Navy submarine USS Jimmy Carter
USS Jimmy Carter in the Magnetic Silencing Facility at Naval Base Kitsap-Bangor, August 16, 2006.

Following the dissolution of the Soviet Union, the Seawolf’s premium capabilities and expense could hardly be justified as large numbers of Russian submarines rusted away at their docks.

Thus the Seawolf order was downsized to just three submarines which launched between 1995 and 2004: the Seawolf, the Connecticut, and the Jimmy Carter, numbered SSN-21 through 23. All three are based on the Pacific Ocean at Naval Base Kitsap-Bangor in Washington State.

The last boat, the Carter uniquely was modified at an extra cost of $887 million into the ultimate spy and special operations submarine. Its hull was lengthened by 30 meters to incorporate a special multi-mission platform which can carry divers, or manned or unmanned underwater reconnaissance vehicles which can be deployed using special locks.

The 12,000-ton Carter also boasts thrusters allowing it to maneuver more precisely while in treacherous shallow waters and ocean floors. It is also understood to carry instruments allowing it to tap the undersea cables through which the internet and other long-distance communications travel.

Naturally, the Carter’s clandestine activities remain a secret, though its reception of numerous unit citations for unspecified reasons suggest an eventful operational career.

It’s known to have deployed an aerial drone to spy on North Korean coastal artillery, and it returned to port in 2017 flying a black pirate flag – traditionally flourished by a submarine returning from a patrol in which it has scored a victory.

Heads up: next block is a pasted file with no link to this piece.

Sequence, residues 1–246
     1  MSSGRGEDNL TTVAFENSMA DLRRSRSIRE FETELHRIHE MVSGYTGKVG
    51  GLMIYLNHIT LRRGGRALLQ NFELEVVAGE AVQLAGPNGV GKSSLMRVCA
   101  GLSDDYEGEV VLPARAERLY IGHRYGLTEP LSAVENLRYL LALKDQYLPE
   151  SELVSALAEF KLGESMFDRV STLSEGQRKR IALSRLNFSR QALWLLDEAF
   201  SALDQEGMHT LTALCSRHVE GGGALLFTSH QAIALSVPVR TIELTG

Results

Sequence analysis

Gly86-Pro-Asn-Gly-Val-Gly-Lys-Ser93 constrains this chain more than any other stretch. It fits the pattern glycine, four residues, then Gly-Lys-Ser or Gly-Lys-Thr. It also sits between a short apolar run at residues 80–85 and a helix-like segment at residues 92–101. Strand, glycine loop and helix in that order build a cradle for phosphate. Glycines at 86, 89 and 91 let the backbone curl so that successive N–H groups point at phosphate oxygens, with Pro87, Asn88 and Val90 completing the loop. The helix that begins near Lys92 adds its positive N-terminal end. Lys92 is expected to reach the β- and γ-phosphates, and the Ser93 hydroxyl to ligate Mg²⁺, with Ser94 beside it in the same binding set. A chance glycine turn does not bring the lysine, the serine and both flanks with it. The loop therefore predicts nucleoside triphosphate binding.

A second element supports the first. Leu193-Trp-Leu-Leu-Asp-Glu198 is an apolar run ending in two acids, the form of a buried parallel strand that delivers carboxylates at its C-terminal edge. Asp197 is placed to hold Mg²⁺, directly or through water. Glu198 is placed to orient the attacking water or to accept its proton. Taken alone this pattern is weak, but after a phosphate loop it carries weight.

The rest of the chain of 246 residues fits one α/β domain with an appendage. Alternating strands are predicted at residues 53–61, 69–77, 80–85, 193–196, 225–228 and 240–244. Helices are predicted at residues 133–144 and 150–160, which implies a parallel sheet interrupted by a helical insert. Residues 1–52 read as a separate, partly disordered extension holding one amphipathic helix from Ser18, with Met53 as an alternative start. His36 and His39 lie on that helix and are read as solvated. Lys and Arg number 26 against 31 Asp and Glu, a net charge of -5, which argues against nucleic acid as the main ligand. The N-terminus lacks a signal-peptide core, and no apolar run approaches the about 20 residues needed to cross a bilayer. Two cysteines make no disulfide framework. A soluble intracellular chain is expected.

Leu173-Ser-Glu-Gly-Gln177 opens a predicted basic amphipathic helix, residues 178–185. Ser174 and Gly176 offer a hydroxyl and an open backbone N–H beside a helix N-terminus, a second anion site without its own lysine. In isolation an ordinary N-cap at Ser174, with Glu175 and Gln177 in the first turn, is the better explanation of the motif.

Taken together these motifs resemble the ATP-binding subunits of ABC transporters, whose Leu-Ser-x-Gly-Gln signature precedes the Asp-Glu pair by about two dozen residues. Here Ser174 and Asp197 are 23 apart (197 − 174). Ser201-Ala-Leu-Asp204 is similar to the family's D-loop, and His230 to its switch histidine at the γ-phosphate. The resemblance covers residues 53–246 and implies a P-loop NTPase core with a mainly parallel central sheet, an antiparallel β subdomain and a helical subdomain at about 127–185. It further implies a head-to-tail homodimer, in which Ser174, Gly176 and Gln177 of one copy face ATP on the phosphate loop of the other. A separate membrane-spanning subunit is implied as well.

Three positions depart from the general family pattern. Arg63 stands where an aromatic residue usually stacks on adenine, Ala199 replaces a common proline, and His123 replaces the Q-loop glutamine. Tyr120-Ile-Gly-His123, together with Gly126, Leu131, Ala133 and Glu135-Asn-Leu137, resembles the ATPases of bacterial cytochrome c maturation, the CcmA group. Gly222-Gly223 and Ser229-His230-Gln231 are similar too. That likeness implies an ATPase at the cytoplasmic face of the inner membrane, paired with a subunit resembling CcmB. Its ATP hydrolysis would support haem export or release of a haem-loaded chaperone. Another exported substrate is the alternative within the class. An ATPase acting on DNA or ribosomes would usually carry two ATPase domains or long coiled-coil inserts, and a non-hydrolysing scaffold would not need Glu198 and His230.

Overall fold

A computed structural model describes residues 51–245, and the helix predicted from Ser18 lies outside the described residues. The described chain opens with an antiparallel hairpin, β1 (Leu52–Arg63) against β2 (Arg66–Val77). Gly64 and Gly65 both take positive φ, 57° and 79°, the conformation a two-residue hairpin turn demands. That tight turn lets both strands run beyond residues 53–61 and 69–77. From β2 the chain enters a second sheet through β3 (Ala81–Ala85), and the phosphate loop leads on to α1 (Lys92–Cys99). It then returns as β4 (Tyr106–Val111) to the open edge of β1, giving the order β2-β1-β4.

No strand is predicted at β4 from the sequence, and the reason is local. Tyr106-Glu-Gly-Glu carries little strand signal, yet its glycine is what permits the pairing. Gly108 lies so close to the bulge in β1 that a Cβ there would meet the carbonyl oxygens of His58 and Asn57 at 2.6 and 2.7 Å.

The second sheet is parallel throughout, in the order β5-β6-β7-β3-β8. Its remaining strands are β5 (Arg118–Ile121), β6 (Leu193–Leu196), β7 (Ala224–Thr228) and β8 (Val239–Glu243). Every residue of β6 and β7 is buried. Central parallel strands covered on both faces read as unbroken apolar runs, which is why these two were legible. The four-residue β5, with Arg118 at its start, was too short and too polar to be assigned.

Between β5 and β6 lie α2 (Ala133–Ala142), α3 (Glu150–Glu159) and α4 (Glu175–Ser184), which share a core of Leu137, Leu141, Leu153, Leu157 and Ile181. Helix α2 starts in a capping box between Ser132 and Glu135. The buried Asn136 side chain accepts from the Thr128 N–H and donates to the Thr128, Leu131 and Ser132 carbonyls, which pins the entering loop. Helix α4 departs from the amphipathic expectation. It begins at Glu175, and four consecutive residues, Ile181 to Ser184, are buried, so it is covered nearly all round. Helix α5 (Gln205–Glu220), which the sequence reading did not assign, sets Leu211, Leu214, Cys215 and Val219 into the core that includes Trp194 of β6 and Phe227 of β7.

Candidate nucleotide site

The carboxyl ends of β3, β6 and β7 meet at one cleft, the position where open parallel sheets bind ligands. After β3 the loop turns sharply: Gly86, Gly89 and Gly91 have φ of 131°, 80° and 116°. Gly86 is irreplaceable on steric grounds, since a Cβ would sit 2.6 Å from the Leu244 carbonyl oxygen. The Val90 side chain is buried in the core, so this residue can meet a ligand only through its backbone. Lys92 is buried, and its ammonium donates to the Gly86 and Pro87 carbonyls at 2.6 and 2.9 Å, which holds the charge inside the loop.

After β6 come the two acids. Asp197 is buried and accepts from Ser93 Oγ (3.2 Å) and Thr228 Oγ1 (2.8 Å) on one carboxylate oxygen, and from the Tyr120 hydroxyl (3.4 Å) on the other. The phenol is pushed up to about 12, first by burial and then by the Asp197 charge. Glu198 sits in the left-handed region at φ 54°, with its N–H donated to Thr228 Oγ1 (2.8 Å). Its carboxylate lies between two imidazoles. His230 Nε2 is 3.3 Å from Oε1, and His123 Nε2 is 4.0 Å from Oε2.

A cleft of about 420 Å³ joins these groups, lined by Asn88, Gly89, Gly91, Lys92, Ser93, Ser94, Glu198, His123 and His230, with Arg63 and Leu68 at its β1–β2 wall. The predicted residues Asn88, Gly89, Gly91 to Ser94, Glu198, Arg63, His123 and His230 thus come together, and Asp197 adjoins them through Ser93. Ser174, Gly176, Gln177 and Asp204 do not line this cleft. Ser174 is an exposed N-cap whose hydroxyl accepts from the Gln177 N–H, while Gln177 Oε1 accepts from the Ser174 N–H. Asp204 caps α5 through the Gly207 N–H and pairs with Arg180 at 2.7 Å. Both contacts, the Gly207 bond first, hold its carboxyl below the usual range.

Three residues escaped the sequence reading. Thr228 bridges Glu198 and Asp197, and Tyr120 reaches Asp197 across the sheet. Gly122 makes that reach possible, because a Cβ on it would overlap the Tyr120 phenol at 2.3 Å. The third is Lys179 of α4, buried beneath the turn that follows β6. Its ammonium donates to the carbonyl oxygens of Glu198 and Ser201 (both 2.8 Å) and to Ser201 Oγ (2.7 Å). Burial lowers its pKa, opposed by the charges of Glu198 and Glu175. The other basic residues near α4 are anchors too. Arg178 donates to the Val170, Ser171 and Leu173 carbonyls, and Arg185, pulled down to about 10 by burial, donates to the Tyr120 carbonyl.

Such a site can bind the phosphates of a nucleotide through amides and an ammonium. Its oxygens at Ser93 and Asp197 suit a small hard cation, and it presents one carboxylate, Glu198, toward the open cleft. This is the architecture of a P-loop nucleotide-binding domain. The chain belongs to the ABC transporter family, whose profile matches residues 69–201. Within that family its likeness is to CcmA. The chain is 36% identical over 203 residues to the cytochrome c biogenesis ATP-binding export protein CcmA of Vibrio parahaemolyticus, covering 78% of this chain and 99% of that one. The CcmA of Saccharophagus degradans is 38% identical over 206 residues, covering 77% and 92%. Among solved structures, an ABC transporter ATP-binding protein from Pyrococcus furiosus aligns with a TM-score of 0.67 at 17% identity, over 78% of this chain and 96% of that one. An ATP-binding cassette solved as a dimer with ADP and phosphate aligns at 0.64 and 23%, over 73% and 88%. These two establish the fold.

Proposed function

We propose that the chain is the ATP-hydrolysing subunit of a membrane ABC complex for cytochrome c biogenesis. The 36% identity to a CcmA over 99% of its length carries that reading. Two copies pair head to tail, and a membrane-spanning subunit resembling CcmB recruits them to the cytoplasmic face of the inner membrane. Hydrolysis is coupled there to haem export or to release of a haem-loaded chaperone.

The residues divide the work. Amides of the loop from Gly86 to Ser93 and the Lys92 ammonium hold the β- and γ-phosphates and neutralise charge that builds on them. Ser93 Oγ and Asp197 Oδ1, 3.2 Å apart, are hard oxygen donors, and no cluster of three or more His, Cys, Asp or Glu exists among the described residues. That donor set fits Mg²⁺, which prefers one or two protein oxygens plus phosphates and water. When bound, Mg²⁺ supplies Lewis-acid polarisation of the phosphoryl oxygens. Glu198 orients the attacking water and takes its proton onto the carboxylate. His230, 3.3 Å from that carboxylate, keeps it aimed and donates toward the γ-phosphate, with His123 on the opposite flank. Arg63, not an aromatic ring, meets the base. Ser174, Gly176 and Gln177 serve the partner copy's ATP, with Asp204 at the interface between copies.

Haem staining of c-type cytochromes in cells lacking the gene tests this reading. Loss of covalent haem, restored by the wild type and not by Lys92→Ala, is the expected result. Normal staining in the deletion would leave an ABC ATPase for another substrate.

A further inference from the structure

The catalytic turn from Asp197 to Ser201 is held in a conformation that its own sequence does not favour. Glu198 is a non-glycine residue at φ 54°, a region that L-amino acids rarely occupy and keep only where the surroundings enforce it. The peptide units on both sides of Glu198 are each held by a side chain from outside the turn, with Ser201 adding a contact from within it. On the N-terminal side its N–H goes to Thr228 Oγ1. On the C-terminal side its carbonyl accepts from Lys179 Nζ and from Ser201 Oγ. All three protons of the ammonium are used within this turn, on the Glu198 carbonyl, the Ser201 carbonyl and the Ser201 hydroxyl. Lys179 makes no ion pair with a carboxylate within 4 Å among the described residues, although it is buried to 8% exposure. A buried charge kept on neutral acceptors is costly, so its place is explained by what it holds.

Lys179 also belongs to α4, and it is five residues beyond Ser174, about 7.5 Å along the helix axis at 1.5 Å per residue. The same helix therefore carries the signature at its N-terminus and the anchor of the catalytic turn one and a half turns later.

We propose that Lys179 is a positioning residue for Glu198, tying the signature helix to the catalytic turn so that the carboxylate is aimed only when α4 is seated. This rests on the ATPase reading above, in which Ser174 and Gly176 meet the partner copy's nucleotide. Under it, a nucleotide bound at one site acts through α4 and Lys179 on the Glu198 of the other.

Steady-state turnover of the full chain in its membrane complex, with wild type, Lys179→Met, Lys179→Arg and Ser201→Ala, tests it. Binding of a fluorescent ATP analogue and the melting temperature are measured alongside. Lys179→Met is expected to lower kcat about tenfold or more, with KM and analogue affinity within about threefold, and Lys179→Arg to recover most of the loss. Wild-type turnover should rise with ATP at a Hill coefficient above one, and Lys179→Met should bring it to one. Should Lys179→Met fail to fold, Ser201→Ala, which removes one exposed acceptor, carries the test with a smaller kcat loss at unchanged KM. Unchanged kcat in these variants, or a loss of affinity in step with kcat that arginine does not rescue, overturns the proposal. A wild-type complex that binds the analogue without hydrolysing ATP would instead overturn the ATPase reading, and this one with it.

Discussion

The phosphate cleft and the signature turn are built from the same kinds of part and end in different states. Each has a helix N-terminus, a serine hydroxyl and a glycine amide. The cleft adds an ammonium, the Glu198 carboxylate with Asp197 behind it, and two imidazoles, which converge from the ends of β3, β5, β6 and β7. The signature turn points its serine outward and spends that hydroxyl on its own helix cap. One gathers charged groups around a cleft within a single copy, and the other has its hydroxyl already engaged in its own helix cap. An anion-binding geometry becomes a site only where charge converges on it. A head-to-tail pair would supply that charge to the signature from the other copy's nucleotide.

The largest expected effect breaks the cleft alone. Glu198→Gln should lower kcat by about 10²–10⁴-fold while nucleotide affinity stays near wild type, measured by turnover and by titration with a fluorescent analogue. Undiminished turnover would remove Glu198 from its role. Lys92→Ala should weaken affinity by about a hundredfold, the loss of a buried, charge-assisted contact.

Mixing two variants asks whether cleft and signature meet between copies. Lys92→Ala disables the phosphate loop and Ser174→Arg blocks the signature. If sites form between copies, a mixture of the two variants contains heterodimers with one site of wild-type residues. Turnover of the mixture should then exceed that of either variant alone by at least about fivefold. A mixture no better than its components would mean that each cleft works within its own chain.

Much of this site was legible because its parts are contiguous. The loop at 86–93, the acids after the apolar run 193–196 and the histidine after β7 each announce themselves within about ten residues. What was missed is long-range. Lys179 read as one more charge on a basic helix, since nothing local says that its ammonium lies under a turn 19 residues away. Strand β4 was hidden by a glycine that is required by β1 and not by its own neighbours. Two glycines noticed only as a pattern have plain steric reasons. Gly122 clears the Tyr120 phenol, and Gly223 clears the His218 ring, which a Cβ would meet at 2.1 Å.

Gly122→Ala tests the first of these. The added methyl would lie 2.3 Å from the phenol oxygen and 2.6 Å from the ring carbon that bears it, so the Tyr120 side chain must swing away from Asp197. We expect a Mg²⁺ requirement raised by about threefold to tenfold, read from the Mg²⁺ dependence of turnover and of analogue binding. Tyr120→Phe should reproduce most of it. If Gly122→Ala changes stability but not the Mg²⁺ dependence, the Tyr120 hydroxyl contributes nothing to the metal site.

In fact, all of the Seawolf-class submarines remain shrouded in secrecy, with very few photos or articles released to the press. What reports are available suggests the subs frequently traverse under the polar ice of the Arctic Ocean, at times testing specialized sonars and communications equipment.

USS Connecticut submarine Arctic ice surface
USS Connecticut surfaces through the ice during Ice Exercise (ICEX) 2018, March 18, 2018.

None of the Seawolf subs are known to have engaged in combat, however – unless you count the attack of a polar bear on the Connecticut’s rudder after it surfaced through the Arctic in 2003. You can see a picture of the engagement taken via the periscope here.

Meanwhile, more affordable ($1.8 billion each) Virginia-class submarines better suited for littoral engagements are entering service, retaining many of Seawolf class’s advanced features such as the stealthy pump jets, while ditching some of the bulk and gold-plating and making greater use of off-the-shelf technologies.

Later Virginias also sport vertical launch cells for rapid land-attack capabilities.

Demand for the Seawolf’s high-end capabilities may rise, however, due to the return of an undersea arms race involving the United States, Russia and China.

China’s submarine fleet will likely soon exceed America in numbers, though the majority of it consists of shorter-range diesel-electric submarines, and even its nuclear submarines are considered to be significantly noisier than their US counterparts. Russia continues to operate stealthy Akula and Borei-class boats and is developing improved successors as well as Poseidon strategic nuclear torpedoes designed to destroy coastal cities.

Thus the US Navy reportedly sees the beefier, more heavily armed characteristics of the Seawolf as a model for its next SSN(X) submarine – even if it comes at a similar cost of $5.5 billion per submarine.

S├ębastien Roblin holds a master’s degree in conflict resolution from Georgetown University and served as a university instructor for the Peace Corps in China. He has also worked in education, editing, and refugee resettlement in France and the United States.